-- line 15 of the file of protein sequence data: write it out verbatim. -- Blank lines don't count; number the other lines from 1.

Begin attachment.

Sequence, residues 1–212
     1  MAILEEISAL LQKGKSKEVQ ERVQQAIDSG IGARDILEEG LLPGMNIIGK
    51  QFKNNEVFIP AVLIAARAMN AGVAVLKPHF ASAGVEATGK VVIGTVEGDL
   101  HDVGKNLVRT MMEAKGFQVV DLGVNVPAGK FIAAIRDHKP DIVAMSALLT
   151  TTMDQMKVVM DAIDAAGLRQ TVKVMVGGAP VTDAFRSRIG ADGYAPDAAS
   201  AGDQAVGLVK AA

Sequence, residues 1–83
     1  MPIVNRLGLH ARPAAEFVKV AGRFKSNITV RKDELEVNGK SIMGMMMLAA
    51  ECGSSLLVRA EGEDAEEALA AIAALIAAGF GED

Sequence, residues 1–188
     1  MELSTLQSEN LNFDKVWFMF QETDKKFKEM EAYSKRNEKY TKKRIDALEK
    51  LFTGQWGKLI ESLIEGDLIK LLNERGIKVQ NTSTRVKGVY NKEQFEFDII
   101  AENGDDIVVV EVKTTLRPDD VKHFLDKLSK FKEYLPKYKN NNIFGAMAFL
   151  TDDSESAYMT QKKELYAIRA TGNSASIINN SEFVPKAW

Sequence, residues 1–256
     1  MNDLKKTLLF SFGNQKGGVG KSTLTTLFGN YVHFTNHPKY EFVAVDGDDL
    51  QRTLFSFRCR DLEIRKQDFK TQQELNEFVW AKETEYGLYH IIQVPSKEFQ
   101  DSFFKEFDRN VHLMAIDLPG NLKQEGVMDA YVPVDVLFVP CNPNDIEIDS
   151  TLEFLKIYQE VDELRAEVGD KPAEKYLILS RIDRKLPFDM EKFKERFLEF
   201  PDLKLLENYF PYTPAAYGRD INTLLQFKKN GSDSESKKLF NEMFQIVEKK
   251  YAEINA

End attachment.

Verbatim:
Sequence, residues 1–256